Submission: Financially punishing BruinCard replacement charges call for more tolerance

It is possible your mom threw it away, thinking it was trash. You could have also dropped it down the crack between the floor and elevator shaft. Perhaps you lost a broken one on the way to getting it fixed. Or maybe you forgot you were holding it, became frustrated or surprised, and snapped it into pieces. You might still be using the taped-up remains for years on end for fear of the fee.

That is just a sample platter of the often overlapping stories students tell of losing their BruinCards. More than 450 students shared these tales with the Undergraduate Students Association Council’s Financial Supports Commission in a survey about BruinCard replacement affordability.

It is easy for lightning to strike amid the tumult of attending one of the most rigorous universities on the planet during the collective fight to come of age. Natural human error was the reason more than 55 percent of student respondents told us they lost their BruinCards – their tickets to dorm entry, meal swipes, work clock-ins and their final exams. Over 26 percent of respondents lost their cards more than once. The consequent $25 replacement fee has a drastic effect on students.

“I once lost it on a Saturday night and went an entire day without eating because the replacement office is closed on weekends. It then took all the money I had to replace it – until I got my next paycheck a week later, I had nothing,” said Haley Nelson, a third-year student. “It’s completely ridiculous for them to (cost) so much.”

Emma Gillette, a fourth-year student, wrote about how she was prevented from using campus resources, such as utilities from the Campus Library Instructional Computing Commons, Night Powell and Campus Events Commission programs, when she lost her BruinCard.

“I wasn’t able to pay for it at the time so I wasn’t able to use the resources that I pay for with my student fees and tuition, which was incredibly frustrating when I have to pay more to access the things I’ve already paid for,” Gillette wrote. “It was also frustrating to not be able to be in the library at night during finals and to have to buy another card just to (turn) in finals.”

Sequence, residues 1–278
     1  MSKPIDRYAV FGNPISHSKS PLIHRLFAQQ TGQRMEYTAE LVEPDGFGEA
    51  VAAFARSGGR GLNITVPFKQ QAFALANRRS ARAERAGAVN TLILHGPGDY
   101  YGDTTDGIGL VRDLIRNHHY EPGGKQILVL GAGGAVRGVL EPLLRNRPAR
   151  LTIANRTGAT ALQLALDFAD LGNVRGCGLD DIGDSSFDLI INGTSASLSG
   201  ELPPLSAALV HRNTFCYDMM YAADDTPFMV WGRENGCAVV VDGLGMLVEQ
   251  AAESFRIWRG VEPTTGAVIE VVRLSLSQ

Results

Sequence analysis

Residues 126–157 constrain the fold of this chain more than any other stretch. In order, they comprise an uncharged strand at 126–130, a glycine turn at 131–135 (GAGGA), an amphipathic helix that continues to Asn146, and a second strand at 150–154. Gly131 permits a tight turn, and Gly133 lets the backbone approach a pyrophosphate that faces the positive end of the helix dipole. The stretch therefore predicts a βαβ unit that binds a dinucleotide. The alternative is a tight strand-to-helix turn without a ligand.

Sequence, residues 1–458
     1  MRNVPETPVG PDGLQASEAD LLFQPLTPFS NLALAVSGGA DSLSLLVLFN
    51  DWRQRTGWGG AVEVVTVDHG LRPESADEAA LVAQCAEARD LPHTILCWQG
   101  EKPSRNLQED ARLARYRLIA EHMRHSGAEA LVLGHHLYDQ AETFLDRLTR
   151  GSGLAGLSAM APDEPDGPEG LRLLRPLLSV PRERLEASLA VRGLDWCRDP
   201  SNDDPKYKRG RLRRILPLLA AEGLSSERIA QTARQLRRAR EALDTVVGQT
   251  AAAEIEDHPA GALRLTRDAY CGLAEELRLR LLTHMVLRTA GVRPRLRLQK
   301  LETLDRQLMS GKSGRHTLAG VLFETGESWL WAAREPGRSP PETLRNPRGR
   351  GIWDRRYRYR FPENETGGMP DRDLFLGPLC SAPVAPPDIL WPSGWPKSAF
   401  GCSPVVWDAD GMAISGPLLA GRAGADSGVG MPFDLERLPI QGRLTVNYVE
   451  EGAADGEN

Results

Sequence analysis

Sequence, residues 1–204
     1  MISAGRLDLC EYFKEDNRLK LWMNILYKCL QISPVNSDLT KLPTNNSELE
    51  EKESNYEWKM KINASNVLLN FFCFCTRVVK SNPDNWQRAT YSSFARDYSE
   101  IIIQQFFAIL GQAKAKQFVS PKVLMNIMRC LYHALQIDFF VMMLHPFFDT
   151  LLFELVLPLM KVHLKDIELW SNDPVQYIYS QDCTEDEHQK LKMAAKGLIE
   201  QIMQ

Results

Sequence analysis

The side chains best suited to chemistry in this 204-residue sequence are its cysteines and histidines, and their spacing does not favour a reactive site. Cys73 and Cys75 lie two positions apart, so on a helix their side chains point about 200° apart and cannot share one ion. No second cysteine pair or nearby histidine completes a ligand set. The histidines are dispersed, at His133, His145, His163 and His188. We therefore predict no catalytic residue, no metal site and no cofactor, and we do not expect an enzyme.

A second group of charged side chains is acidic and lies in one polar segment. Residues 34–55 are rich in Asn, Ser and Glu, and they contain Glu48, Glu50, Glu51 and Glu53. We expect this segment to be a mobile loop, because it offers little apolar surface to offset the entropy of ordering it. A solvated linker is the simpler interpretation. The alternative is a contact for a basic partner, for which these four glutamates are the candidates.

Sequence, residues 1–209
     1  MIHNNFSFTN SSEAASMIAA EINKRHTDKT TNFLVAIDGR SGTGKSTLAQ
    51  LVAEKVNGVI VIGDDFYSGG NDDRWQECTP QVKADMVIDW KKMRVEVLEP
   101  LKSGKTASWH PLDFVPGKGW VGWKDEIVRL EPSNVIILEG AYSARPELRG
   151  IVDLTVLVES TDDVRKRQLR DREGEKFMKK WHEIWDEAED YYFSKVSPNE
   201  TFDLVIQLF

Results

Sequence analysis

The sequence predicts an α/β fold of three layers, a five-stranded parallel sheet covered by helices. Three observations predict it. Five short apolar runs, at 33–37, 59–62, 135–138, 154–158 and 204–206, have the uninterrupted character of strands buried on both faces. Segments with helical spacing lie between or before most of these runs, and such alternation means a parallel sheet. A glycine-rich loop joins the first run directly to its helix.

These students’ travails are not outliers. Twenty-five dollars is deemed an exorbitant price to pay for a decorated piece of plastic by 96.7 percent of our respondents. Over 47 percent of respondents had experienced financial hardship in replacing their Bruincards, and more than 4 percent of others said losing their BruinCards would cause them difficulties.

Students shouldn’t have to choose between entering their prepaid housing and being able to afford food. This fee cannot be seen as a lone island, but a piece in an archipelago of piled-on charges. It’s a mistake to think that every student can endure these numerous fees. After all, we cannot expect students to get a return on their educational investment if they are peppered with fees that may prevent them from accessing the facilities and resources they are entitled to.

FSC seeks to find out what rationale the university has for the high price of BruinCard replacement. We are seeking a constructive discourse on how to thread the line between incentivizing good behavior and maintaining affordability. One possible solution is an initial $5 replacement fee that climbs by $5 per loss and caps at $25. Students would be held increasingly accountable with such a system instead of being unreasonably punished at every turn.

Certainly, some might think that students who lose their BruinCards are simply being irresponsible. But there is no meritocracy to be had in simple accidents, so there isn’t a reason to pose financial hardship to a majority of Bruins. Health care is an apt analog here: Hardworking people are dealt detrimental hands through little fault of their own in both scenarios, but sudden medical hardship can bode fiscal ruin to these Americans, which is inefficient for our economy in the long term.

Congress, however, has passed sweeping laws to offer services such as Medicare, Medicaid and the Affordable Care Act, which counter that failure of the free market. Ensuring that all people can contribute to their communities leaves our nation better off. UCLA should embody that principle by making fees more proportional to what they cover so that each student can learn to their fullest potential.

Deterrence shouldn’t spell annoyance or destruction – momentary or long-term. Twenty-five dollars resonates differently with every student; class, creed and origin mean we all feel these fees differently. Inflicting more acute inconveniences on the most emergent, marginalized voices in academic spaces cordons off upward mobility for those who have already begun with a head start.

It is the university’s responsibility to consider how much a fee can directly impact students. Let’s work together to ensure everyone gets a fair shot.

Benowitz is a second-year political science and classical civilization student and a member of the USAC FSC office.

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